When Jimmy Carpenter was first starting out, the number of girls who flocked around him when he played prompted a jealous local promoter to bemoan the fact that Carpenter had too many girlfriends. Thirty years later, it appears that’s still the case. Carpenter says that his sophomore effort, Walk Away, was inspired by past, present, and future women in his life, enough to fill thirteen cuts with odes to and bitches about his paramours. But Carpenter is a gentle soul, so the reviews and regrets are more wistful than wicked.
He honed his sax skills playing with Tinsley Ellis for a year before joining former Nighthawk Jimmy Thackery and the Drivers from 99-’04, then moving to New Orleans and hooking up with Walter Wolfman Washington’s band the Roadmasters. He was able to utilize his sills as an arranger, as well, in the Crescent City and keeps busy as a sideman playing with musicians including Mike Zito and the Wheel, Eric Lindell, Anson Funderburgh, Honey Island Swamp Band and Papa Grows Funk. Along the way, Carpenter has developed into a fine vocalist as well.
Carpenter shows off his Muscle Shoals influences on “Walk Away,” snaky, funky soul with King Curtis-inspired riffs. Former Dr John and the Lower 911 guitarist John Fohl provides Cornell Dupree licks as Carpenter howls soulfully, “sometimes I wish you’d leave me so I could watch you walk away.”
He pays homage to Curtis again on the instrumental “C King Blues,” smooth, soulful honkery gliding over that kudzu covered wall of Muscle Shoals laid back, deep southern honeyed old school r&b groove.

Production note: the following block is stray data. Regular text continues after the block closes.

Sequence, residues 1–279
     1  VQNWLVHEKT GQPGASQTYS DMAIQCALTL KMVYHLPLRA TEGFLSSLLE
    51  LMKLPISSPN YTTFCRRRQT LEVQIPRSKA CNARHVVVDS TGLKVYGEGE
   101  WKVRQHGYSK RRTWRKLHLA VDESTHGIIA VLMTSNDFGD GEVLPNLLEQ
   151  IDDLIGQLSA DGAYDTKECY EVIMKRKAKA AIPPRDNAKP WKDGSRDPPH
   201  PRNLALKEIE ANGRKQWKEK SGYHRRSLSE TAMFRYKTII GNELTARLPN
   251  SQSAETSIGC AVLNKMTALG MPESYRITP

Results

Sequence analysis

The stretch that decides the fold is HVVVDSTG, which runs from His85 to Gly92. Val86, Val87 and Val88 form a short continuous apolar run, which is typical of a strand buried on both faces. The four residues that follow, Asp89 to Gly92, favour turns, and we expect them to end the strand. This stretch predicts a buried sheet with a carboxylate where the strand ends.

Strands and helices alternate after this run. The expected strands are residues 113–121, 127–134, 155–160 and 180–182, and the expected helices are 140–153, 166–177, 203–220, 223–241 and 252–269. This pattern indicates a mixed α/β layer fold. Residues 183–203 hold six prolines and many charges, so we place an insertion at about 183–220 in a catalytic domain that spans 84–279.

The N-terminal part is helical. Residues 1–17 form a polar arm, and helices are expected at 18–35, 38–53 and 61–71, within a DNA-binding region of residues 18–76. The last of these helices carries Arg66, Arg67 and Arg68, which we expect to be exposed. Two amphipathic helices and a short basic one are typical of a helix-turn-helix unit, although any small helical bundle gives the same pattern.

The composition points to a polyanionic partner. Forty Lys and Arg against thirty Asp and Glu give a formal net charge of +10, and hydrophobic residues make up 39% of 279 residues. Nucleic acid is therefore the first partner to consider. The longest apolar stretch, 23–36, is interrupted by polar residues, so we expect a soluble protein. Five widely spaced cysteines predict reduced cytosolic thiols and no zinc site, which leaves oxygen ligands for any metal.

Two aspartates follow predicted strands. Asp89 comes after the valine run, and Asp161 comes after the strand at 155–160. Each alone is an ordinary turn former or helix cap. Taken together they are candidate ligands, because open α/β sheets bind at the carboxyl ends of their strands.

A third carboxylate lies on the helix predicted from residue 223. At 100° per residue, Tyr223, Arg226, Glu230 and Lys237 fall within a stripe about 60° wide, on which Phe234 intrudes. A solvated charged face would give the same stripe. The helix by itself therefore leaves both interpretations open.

Carpenter’s duet with Reba Russell on the closer, “Fellow Traveler” is stunning. The vocal harmony is ethereal, ringing with the grace of a Carter family offering. It’s what country ought to be, one foot in the past and one in the present, crossing over effortlessly from gospel to country to soul.
Sandwiched in between are testimonials to a bevy of beautiful babes who have stepped on his heart, leaving footprints of varying depth. “She’s Not You” has a Hall and Oates feel with it’s bluesy, melancholy soul. “More Than Meets the Eye” addresses a chance almost blown because a pretty facade covered up an interior treasure with more lasting power and depth.
Walk Away is a great second effort, beautifully produced and backed by an outstanding array of New Orleans musicians. Carpenter titled his first release Toiling in Obscurity. But with the work he’s put in and the skills he exhibits here, that description no longer applies. Jimmy Carpenter is finally out front, in the spotlight where he belongs.